A 50-50 split among residents means that a new water project will go ahead near D.W. Poppy Secondary.
The local area service project is one of dozens that are being proposed or planned through Langley as municipal water pipes are extended through the middle of rural and suburban Langley.
This project is centred along 52nd Avenue from 237th to 240th Streets and will affect 40 properties, mostly homes, acreages, and D.W. Poppy.
Residents both in favour of and opposed to the plan made their case to the Township council Sept. 30 after the very close vote.
Shelley and Ray Murphy were particularly upset because letters from the Township said that approval required more than half of residents to be in favour.
Suddenly, after exactly 20 properties voted yes and 20 no, they were told it was to go ahead anyway.
"That's not fair, that's not what we were told," said Shelley Murphy.
The Murphys are worried about the costs of the system, which they say will mean almost $23,000 for them. The cost is to be spread out over 20 years and paid through a bill with their annual property taxes.
That cost is just for the water pipe that will run near their house; actually connecting their home to the service would cost more.
It's too much money for their neighbour, Michael Parker.
"I'm going to have to move if this goes through," he said.
He lives in his family home and has lived there for more than 40 years, he told the council.
Half the residents in the area voted in favour.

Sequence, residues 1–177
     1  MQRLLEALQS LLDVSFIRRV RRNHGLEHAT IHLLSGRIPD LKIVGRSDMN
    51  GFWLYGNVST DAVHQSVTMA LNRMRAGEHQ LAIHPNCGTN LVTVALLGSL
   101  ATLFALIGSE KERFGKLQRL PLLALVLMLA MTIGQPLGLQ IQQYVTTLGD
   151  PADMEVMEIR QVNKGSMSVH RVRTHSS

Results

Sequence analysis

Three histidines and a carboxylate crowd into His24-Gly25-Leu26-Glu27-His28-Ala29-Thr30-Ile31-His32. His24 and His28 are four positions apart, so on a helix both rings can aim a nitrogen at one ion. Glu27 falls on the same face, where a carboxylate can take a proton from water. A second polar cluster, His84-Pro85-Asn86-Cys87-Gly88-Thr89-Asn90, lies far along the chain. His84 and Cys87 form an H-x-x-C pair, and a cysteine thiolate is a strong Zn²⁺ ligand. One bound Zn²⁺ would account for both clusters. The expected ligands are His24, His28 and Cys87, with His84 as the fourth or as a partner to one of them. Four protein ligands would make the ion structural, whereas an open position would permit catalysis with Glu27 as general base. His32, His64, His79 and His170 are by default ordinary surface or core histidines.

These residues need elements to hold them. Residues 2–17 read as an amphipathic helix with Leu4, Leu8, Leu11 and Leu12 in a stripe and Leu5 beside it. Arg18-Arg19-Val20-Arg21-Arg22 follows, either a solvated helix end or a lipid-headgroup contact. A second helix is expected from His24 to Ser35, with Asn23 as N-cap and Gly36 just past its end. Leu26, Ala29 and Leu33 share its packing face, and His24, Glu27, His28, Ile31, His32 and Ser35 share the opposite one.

"It's only a sign of progress," said Ken Kostiuk.
He said that since he moved to the area, he's been worried about minerals in the water and has been drinking bottled water.
With a municipal water system, he won't have to rely on well water and will continue to be able to run his taps and flush his toilets even when the power fails. Rural residents on wells lose water pressure when their electricitydependent pumps shut down.
Bob Sangha, who has lived in the neighbourhood for 18 years, said he is in favour of the project, but suggested there could be a compromise for those who don't want the project, to make the costs easier on them.
Councillors spent some time discussing the fact that their own Township staff's letters to residents were unclear about how many people were needed to pass the measure.
"If approved by more than 50 per cent of the property owners..." reads one letter, sent April 25.
"It's unfortunate the wording is like that," said Mayor Jack Froese.
However, he said the Community Charter regulations are clear. If exactly half of the residents, comprising half of the assessed land values in the area voted in favour, that is enough for the measure to pass.
"I actually think we have to have a lawyer look at it," said Councillor Kim Richter.
"Have we created a liability? And I think we have," she said.
Not voting either way is counted as a no-vote for the purposes of local polls such as this one.
Coun. Bob Long was curious about the school district's involvement in the project.
According to Langley School District spokesperson Ken Hoff, the district's costs will be $75,000 for its share of the water project.
Hoff said the district expects to save money on well maintenance and fire protection work in the long run.
Ultimately, the council approved the project in a seven to two vote, with Richter and Coun. Michelle Sparrow opposed.
Local area servicing votes are frequently contentious because every resident in the area is billed for the water or sewer extension if it passes.
If the council is ever deadlocked on an issue and ties on a vote, the vote fails.
@ Copyright 2013